When I first met my husband and found out his family has a Messianic ministry, I knew that the Old Testament and Jewish history of Christianity were important but I didn’t realize just how much so until we celebrated our first Passover.
Being raised in a Christian church myself, the pastor preached from both Old and New Testaments, we supported missionaries in Israel, he even used some Hebrew, Greek, and Aramaic in his sermons, but we never celebrated any of the Jewish festivals or feasts.
During that first Passover that we celebrated as a married couple, I was reading through the Haggadah with Vinny as I came across an interesting part. After the 2nd cup and after dinner, the haggadah tells us to take the matzah and the cup of wine, to break and eat. Sound familiar? I immediately remembered the part in Matthew 26 where it says “Jesus took bread, and after blessing it broke it and gave it to the disciples, and said, ‘Take, eat; this is my body.’ And he took a cup, and when he had given thanks he gave it to them, saying, ‘Drink of it, all of you, for this is my blood of the covenant, which is poured out for many for the forgiveness of sins.'”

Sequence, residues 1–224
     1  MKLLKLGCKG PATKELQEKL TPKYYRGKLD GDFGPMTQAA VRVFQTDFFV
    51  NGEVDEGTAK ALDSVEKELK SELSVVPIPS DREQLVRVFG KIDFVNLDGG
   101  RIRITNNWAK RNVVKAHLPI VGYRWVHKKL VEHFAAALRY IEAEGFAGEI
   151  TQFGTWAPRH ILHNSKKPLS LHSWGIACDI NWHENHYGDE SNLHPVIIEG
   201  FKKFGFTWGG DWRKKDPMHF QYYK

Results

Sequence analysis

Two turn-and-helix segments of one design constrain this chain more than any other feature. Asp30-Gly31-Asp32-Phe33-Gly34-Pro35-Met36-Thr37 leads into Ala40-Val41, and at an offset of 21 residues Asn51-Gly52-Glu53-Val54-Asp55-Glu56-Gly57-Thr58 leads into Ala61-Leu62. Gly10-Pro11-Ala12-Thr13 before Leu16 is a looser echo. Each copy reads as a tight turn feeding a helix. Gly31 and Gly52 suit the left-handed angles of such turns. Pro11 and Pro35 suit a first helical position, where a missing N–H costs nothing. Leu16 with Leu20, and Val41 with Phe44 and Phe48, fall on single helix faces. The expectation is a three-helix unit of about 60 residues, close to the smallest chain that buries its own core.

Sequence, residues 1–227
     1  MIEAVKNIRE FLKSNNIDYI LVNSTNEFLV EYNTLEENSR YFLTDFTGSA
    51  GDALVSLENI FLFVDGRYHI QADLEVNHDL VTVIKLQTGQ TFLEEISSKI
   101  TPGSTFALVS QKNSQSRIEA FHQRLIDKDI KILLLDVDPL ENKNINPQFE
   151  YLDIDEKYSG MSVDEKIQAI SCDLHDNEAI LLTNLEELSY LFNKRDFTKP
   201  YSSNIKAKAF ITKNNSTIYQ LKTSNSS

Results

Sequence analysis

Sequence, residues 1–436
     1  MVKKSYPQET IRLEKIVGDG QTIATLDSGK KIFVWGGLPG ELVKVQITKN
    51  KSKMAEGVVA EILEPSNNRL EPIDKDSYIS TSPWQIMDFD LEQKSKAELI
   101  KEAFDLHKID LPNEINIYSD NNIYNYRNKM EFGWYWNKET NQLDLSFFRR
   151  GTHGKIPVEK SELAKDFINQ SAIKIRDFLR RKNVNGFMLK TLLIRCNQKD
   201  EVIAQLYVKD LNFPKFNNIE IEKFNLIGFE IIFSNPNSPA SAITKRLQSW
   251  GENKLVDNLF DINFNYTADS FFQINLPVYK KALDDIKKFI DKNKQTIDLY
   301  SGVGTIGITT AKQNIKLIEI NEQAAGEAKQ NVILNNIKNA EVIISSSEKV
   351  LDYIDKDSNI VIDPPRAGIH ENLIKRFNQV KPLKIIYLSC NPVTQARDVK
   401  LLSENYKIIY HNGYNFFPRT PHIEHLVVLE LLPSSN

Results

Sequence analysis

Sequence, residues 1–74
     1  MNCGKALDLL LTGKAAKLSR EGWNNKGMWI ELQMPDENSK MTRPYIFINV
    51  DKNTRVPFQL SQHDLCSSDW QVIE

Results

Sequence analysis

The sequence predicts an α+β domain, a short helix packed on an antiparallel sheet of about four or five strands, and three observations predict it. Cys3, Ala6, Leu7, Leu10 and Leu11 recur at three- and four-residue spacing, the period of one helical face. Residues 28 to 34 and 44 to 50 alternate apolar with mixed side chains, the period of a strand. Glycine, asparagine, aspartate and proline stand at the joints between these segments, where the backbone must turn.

All this time I thought that “The Lord’s Supper” was just Jesus taking a random piece of bread and cup of wine and declaring them to be his body and blood. I never realized that it was actually part of Passover! This was the middle matzah that had been broken and hidden away, called the afikomen. The afikomen was hidden away, but then found again. This symbolizes how Jesus died, was buried, and rose again. The third cup in the seder is the Cup of Redemption. Jesus said this is His blood which was shed for us. His blood is the only means of redemption we have.
Can you imagine the disciples’ reactions when Jesus declared that this was Him? I know my mind was blown when God first revealed this to me. There is just so much symbolizm in Passover that you have to attend one to see for yourself. It will certainly help you see how God’s plan of redemption is a thread thoughout every single book of the Bible.